If you were injured in a car accident and your claim has been rejected by the defendant driver’s insurer or you have received an unsatisfactory offer of settlement, your only other option is to file a lawsuit. A lawsuit starts with the filing of a Complaint, in the appropriate court.
The Complaint must be sufficiently worded as necessary to not only survive a motion to dismiss but also to properly inform the opposing party of the nature of your complaint, the reasons why you feel the defendant was negligent, and the elements that demonstrate how the opposing party violated his duty of care towards you.
Small Claim Verses District Or Superior Court
You can file a complaint in Small Claims Court. It’s designed for non-lawyers.
However, we have not seen much success with pro se litigants in District or Superior Court. While the big picture may be understood, the Rules of Civil Procedure and the Rules of Evidence, are difficult to master on a one-time basis – especially if you are emotionally involved because it’s your own case. Even knowing what Court to file in can be tricky – there is a whole course in law school called “jurisdiction.” Further, each Court has its own rules, such as Rule 9A in Superior Court, for filing motions properly.
Thus, for a case in District or Superior Court, it is best to leave the drafting of the Complaint and all pleadings and responding to motions to an experienced car accident attorney. For a Complaint, for example, this allows the opposing party, the insurance trial attorney, and the Court, to be sufficiently informed of the nature of your claim by alleging certain facts, that the conduct of the opposing party was negligent or unlawful, and that you are entitled to relief as a matter of law.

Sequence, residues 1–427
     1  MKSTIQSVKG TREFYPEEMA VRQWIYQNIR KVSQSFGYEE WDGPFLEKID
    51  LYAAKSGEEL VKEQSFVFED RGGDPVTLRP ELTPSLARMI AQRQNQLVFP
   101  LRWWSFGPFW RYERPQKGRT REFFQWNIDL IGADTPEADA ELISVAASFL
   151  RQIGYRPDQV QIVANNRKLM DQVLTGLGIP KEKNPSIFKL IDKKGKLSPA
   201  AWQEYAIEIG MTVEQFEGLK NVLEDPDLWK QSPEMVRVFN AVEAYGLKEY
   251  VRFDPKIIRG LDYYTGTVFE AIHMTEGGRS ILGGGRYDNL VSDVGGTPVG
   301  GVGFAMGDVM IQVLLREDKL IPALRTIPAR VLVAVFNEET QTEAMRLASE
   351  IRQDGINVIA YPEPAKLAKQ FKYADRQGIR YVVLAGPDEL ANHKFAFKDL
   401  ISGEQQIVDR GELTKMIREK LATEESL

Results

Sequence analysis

Typical Pleadings in a Car Accident Injury Claim
Most car injury lawsuits center around the principle of negligence. For negligence to apply to your lawsuit, your allegations must include the following elements or factors in the Complaint so that your claim may proceed:
- The defendant owed you a duty to exercise ordinary care such as lawfully and cautiously operating a motor vehicle.
- The defendant breached his duty of care by violating a traffic law, driving recklessly, or by being inattentive.
- The defendant’s conduct caused the accident and the injuries that you sustained.
- You suffered damages as a result.
The pleadings should also outline the conduct that you are alleging was negligent and that led to the accident. These typically are:
- Failure to maintain a proper lookout while driving
- Driving in excess of the posted speed limit
- Driving at a speed too fast for the road and other conditions such as driving in a snow or rainstorm or in dense fog
- Failure to safely maintain or operate the car by not braking or swerving to avoid a collision
- Failure to stop at a red traffic signal or stop sign or to abide by other rules of the road that if followed would have prevented the accident from occurring
- Knowingly operated the motor vehicle while impaired or under the influence of alcohol or drugs
- Failed to stop for pedestrians who were in a marked crosswalk
- Unsafely and unlawfully attempted to enter another lane of traffic occupied by the plaintiff
These issues of the defendant’s conduct may come out in the discovery phase of the case, but, a good accident lawyer will have sufficient grounds prior to filing suit, and use discovery to flesh them out.
You need not go into detail in the Complaint about how the accident occurred or the specific conduct of the defendant, which can be ascertained during the discovery phase of your lawsuit.
Following the Complaint, there are a multitude of pleadings. For example, the defendant files an Answer. Sometimes, the defendant files a Motion of Dismiss, because they argue that the Complaint is insufficient, or the Complaint names an inappropriate party. Sometimes, the defendant defaults or fails to respond to discovery requests on a timely basis. The litigation process is complicated, often nuanced, and should have an experienced trial lawyer as your counsel.
Retain a Car Accident Attorney from Burns and Jain
It is rarely a good idea to represent yourself in a personal injury claim, regardless of whether you feel that it is a clearcut claim and wish to save attorney’s fees. Most claims have issues of liability, comparative fault, and the extent of damages that an experienced car accident attorney from Burns and Jain can handle to your benefit. Call us at (617) 227-7423 for a free consultation about your injury claim.